Whimsical. . .Satiric. . . Enigmatic. . . Intuitive.

These words describe the art of Charles Alexander, whose creativity finds outlet in collage, mixed media, acrylics, watercolors, prints, and 3D constructs.

He has exhibited at the Detroit Artists Market, the Scarab Club, the art gallery of the Center for Creative Studies, Times Square Gallery, the Impact Art Gallery, the Pittman/Puckett Gallery, and at the Oak Park Public Library, and in Chicago and San Francisco.

His work has been featured in the Detroit Free Press, the Ann Arbor News, the Metro Times, Between the Lines weekly, Cruise and Metra magazines. To date Alexander had donated many of his art pieces for fundraisers, silent auctions, and raffles. A Spirit of Detroit Award recipient, he has raised nearly $60,000 for human rights, AIDS, and lesbian/ gay causes and organizations.

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How I create my art.

There is little conscious planning as I create my art. I work intuitively and rather quickly. I start with a geometric shape, a humorous or serious doodle, a fluid symbol fished from my subconscious, a newly minted hieroglyph or alphabet, sometimes a line expressive of energy and movement, and I proceed from there.

The process is closely akin to automatic writing or, to use a label in vogue, channeling. I become both a witness of and a conduit to creativity.

My work unfolds with its own inner logic (or lack of same), of which I am only dimly aware. The end product is an image or images that suggest rather than tell, probe rather than define, promise rather than state outright.

My work is whimsical, satiric, metaphysical, convoluted, and highly detailed. As much as possible I try not to censor my work but to let it flow from my psyche. Sometimes my work seems of a piece to me; at other times it seems disparate, created by a multiple artistic self (or selves). My art can be rigid or fluid, masculine or feminine, insightful or trivial. Importantly, my art is energetic, bursting with color, line and movement.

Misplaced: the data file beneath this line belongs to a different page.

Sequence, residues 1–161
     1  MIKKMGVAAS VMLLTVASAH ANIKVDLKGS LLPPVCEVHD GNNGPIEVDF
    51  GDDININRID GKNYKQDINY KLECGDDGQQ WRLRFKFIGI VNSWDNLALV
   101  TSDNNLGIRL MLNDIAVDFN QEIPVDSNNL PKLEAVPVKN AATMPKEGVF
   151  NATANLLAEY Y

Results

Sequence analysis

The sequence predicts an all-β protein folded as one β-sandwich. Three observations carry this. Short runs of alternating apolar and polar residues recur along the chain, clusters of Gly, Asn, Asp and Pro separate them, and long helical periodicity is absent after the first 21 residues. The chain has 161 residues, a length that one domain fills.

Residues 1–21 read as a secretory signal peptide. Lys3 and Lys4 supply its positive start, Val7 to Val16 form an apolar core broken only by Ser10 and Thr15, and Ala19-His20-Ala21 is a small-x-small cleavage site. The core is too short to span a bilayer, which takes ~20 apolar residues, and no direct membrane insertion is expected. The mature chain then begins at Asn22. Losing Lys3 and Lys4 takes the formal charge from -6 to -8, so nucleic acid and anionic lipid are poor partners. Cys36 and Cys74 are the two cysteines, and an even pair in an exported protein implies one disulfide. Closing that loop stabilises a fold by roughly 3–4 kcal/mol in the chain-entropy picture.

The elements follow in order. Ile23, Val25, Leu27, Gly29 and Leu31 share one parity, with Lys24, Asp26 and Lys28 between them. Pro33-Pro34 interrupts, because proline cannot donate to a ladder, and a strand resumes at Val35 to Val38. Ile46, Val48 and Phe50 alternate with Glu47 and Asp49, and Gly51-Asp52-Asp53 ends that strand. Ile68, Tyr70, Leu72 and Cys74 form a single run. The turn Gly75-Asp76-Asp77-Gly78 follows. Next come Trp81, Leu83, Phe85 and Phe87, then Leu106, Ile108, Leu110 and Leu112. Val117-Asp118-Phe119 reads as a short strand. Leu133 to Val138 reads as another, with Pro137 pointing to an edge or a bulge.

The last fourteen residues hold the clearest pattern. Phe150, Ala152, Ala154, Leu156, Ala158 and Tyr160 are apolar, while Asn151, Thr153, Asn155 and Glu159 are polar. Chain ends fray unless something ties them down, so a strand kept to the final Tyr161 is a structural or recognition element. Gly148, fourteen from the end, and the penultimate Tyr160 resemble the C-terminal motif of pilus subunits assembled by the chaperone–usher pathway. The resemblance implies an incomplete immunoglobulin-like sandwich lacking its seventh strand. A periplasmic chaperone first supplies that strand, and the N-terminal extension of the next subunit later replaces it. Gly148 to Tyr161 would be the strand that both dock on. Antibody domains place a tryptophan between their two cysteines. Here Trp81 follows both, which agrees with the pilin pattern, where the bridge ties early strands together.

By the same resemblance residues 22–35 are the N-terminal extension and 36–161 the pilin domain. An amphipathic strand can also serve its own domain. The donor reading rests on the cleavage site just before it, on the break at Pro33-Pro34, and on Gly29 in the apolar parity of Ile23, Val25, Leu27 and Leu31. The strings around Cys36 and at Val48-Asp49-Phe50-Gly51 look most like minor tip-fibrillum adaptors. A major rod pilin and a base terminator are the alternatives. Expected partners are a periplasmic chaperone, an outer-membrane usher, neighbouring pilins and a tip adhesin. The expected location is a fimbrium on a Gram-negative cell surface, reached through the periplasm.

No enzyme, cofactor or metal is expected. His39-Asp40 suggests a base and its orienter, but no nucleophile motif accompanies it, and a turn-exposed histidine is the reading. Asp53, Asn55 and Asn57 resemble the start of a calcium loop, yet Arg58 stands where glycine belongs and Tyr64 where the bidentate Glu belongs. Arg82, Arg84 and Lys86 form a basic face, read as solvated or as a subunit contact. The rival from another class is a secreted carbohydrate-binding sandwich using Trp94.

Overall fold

I use my art to act as a kind of satori (illumination; spontaneous grasping) for each viewer. To this end I title my pieces with names that are koans (riddles with non-logic "answers") of sorts: Waiting for the Light to Change; Watching for Three-Minute Eggs; Remembrance of Things Past Tense; Two Steps Ahead; Still Life in Motion, etc.

The result is art of a truly inner dimension, with its own dynamics and tensions, its own resolutions. I seek to bridge my intuitive world to that of those who experience my visual creations.

My art is both familiar and alien. It keeps me alive and aware.

Charles Alexander may be contacted at alexandersart@earthlink.net.